Grammar and Torture
Grammar and Torture
Written by Mike James   
Thursday, 26 January 2017
Article Index
Grammar and Torture
Green Dreams

Green dreams

You can think of the BNF rules that define a language as a way of generating examples of the language or of testing to see if a statement is a valid example of the language.

Generating examples is very easy – rather like playing dominoes with production rules.

You pick a rule and select one of the parts of the rule separated by “OR” and then try and find a rule that starts with any non-terminal on the right. You replace the non-terminal items until you have a symbol string with no non-terminal items – this is a legal example of the language. 

It has to be because you generated it using nothing but the rules that define the language.




Working the other way, i.e. from an example of the language to a set of production rules that produce it, turns out to be more difficult. Finding the productions is called “parsing” the expression and which parsing algorithms work well can depend on the nature of the grammar.

That is, particularly simple grammars can be parsed using particularly simple and efficient methods. At this point the typical course in computer science spends a great deal of time explaining the different parsing algorithms available and a great many students simply cannot see the wood for the trees – syntax trees that is!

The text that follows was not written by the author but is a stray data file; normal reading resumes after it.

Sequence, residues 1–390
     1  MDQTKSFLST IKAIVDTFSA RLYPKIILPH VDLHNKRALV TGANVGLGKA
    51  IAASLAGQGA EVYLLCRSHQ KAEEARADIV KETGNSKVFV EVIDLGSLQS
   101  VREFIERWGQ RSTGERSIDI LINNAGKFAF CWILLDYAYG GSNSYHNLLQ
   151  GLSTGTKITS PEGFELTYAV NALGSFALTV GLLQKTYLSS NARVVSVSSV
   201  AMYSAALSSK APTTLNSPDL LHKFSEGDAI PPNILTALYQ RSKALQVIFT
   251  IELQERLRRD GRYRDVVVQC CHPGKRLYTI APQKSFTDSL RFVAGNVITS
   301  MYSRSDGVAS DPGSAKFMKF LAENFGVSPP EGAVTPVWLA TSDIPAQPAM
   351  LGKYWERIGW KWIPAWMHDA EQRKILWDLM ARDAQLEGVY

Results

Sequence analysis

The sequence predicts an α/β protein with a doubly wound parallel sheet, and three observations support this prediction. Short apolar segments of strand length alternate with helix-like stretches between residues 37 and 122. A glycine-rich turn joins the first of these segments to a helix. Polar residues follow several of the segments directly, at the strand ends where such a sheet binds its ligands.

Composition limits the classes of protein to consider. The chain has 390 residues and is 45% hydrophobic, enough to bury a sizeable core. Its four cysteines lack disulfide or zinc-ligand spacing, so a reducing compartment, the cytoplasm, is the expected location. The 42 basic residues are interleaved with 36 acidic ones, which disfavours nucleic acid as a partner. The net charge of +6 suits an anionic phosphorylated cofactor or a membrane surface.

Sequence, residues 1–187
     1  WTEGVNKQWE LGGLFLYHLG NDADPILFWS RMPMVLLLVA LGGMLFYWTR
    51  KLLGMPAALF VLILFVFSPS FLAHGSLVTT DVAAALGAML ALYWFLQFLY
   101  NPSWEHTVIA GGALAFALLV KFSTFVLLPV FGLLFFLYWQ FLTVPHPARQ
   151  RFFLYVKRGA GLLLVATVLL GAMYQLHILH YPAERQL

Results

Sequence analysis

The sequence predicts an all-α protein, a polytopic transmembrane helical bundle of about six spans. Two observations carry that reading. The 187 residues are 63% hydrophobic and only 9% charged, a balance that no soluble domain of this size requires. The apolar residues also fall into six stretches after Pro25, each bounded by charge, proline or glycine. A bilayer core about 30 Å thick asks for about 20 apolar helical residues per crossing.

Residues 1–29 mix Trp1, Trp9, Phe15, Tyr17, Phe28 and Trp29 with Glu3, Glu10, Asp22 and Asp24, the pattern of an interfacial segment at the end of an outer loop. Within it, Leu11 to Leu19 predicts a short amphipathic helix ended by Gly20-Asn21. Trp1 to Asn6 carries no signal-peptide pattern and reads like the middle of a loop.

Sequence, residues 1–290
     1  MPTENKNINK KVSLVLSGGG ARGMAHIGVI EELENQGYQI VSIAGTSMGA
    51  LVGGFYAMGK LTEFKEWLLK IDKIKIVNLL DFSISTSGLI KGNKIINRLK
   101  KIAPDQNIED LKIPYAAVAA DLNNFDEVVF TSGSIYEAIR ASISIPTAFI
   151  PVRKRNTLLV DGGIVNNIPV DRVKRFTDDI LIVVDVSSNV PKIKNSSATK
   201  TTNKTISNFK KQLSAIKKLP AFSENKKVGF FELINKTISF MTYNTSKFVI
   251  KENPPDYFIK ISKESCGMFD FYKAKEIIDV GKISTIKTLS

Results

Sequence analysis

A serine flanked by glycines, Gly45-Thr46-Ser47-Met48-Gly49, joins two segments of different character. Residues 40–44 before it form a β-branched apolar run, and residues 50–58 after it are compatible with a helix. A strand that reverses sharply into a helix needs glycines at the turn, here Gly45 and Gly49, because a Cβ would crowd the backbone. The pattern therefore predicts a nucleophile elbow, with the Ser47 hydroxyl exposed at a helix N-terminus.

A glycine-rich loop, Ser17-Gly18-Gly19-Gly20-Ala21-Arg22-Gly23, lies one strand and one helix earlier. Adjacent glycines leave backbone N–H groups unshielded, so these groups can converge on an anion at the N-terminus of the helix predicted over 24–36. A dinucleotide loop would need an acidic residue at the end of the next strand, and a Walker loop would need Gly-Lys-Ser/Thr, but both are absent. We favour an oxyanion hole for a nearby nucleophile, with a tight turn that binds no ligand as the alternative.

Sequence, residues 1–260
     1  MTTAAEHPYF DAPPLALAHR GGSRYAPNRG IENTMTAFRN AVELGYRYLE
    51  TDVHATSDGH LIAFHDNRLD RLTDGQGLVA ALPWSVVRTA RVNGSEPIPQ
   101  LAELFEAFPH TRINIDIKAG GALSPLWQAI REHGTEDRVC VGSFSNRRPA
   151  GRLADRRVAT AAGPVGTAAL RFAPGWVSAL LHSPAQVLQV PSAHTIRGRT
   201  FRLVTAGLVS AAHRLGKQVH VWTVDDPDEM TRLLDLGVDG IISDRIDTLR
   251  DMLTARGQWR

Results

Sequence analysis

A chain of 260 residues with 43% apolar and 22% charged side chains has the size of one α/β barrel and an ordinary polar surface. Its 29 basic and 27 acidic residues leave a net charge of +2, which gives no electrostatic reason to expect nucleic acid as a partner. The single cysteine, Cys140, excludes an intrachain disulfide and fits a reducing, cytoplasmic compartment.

While the study of parsing methods is important, you only understand why you are doing it when you discover what parsing can do for you.

Obviously if you can construct a legal parse of an expression then the expression is grammatical and this is worth knowing.

For example, any reasonable grammar of arithmetic expression would soon throw out /3+*5 as nonsense because there is no set of productions that create it.

This is valuable but there is more. If you have parsed an expression the way that it is built up shows you what it means.

This is a function of grammar that is usually ignored because grammar is supposed to be only to do with syntax, which is supposed to have nothing to do with meaning or semantics..

In English for example you can have syntax without meaning -

“The green dream sleeps furiously.”

is a perfectly good English sentence from the point of view of grammar but, ignoring poetry for the moment, it doesn’t have any meaning. It is pure syntax without any semantics.

This disassociation of syntax and semantics is often confused with the idea that syntax conveys no meaning at all and this is wrong.

For example, even in our nonsense sentence you can identify that something “the dream” has the property “green” and it is doing something, i.e. “sleeping”, and that it is doing it in a certain way, i.e. “furiously”.

This is a lot of information that is brought to you courtesy of the syntax and while the whole thing may not make sense the syntax is still doing its best to help you get at the meaning.




Syntax is semantics

So in natural languages syntax carries with it some general indications of meaning.

The same is true of the grammar of a programming language.

Consider a simple arithmetic expression


As long as you know the rules of arithmetic you will realize that you have to do the multiplication first. Arithmetic notation is a remarkably sophisticated mini-language which is why it takes some time to learn in school and why beginners make mistakes.